Hospitals Face Dire Shortage of Childhood Cancer Drug
The Food and Drug Administration says supplies of a drug used to treat childhood leukemia are dwindling. Supplies of methotrexate, a chemotherapy drug given to children with acute lymphoblastic leukemia (A.L.L.), are likely to run out in the next two weeks, the New York Times reports.
Without methotrexate, hundreds of children may die from a disease that is usually curable, officials say. A.L.L. is most common in children 2 to 5 years old.
One of the nation's largest suppliers of methotrexate voluntarily stopped making it this fall because of what the company called "significant manufacturing and quality concerns," the Times says. The four other American companies that make the drug are trying to increase production. The FDA is also looking for foreign suppliers.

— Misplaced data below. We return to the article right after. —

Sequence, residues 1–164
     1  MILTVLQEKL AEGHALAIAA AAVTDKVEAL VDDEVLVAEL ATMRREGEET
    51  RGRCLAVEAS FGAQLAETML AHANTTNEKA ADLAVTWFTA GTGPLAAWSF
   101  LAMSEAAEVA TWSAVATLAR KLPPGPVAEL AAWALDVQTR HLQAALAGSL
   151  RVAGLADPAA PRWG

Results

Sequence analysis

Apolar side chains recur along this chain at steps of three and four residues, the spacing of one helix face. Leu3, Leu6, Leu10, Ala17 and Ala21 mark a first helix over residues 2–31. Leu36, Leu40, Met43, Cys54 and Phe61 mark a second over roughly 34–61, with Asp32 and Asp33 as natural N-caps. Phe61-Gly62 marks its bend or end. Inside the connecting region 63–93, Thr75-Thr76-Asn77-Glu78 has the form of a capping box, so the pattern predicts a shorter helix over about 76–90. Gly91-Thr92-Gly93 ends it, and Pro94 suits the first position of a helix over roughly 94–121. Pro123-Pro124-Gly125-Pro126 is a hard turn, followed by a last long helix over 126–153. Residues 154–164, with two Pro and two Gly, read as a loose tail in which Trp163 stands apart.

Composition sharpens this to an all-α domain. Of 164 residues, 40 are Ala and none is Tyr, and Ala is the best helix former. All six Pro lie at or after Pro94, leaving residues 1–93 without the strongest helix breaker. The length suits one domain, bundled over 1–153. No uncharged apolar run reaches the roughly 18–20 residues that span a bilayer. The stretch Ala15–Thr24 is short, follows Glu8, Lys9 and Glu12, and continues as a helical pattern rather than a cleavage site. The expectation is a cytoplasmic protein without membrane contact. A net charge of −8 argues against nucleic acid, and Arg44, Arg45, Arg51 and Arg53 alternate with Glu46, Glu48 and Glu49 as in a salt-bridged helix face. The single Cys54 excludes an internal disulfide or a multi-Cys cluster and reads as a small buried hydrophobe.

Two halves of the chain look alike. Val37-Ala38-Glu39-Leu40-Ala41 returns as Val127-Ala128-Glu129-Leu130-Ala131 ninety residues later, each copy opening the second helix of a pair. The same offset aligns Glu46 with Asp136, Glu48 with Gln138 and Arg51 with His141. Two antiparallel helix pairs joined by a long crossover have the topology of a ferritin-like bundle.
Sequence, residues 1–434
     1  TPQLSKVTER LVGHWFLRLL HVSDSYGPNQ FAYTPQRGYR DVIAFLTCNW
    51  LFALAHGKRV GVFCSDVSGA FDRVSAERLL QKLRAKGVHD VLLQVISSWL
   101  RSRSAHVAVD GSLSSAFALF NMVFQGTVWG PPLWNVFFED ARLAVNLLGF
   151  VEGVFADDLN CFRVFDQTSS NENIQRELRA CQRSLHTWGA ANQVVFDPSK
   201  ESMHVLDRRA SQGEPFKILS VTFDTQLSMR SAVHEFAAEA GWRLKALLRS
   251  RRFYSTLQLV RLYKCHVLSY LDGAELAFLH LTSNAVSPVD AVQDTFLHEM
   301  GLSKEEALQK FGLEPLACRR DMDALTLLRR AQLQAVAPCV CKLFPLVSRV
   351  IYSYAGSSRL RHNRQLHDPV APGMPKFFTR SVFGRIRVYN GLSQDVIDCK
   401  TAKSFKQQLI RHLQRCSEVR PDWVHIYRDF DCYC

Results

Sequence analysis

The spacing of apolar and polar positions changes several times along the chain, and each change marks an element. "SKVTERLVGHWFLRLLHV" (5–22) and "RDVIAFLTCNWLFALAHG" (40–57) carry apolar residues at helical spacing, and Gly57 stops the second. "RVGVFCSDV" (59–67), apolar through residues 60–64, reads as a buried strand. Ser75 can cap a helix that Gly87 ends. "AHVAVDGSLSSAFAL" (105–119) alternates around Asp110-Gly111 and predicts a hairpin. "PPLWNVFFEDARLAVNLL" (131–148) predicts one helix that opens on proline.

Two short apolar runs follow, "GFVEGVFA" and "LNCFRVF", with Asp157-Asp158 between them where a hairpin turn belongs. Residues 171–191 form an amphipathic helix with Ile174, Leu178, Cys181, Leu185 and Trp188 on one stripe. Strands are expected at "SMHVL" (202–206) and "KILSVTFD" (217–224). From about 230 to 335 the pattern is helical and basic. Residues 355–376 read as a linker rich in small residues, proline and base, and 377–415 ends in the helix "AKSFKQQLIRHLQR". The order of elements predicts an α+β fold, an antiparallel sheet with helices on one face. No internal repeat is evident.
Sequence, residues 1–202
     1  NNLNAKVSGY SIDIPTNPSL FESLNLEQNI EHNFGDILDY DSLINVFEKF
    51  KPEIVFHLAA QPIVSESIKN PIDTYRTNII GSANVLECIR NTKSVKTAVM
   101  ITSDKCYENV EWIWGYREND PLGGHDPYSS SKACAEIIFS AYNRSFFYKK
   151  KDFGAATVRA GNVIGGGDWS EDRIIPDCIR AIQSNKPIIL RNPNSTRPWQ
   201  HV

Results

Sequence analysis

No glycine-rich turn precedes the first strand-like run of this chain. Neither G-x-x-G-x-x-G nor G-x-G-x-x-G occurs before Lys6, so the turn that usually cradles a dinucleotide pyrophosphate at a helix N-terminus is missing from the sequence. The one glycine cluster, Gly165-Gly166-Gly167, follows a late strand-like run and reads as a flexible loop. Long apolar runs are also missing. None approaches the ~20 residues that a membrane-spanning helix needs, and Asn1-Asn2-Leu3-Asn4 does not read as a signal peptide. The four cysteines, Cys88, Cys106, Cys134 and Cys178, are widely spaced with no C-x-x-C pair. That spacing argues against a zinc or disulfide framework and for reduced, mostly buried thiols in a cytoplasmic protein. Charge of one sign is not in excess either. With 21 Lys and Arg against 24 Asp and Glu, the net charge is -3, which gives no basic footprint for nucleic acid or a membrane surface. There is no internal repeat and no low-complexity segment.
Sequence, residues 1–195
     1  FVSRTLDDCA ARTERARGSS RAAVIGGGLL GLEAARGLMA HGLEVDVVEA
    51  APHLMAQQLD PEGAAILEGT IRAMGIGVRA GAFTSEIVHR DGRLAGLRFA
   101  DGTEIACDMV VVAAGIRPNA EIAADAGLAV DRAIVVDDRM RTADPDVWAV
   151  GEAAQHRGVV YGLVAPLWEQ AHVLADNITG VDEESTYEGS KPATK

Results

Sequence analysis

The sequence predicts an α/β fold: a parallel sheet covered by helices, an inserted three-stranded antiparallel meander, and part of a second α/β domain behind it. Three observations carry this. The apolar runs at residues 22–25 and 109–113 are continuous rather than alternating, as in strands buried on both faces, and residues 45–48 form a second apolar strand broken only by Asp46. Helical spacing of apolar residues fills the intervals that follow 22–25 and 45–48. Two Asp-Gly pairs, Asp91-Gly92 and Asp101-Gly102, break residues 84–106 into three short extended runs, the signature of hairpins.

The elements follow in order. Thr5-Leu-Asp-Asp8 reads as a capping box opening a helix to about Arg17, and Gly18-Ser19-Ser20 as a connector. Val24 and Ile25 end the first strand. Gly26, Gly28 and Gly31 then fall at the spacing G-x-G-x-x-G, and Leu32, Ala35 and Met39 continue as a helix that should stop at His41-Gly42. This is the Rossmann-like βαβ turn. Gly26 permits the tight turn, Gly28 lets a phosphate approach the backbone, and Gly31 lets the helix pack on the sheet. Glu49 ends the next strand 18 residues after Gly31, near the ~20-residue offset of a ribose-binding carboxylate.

The Times report included the story of Jackson Schwartz, 6, a Pennsylvania child with A.L.L. who needs treatment with methotrexate over the next two months. "It would be devastating if we can't get this drug," his father said.
Image: Cancer chemotherapy via Shutterstock.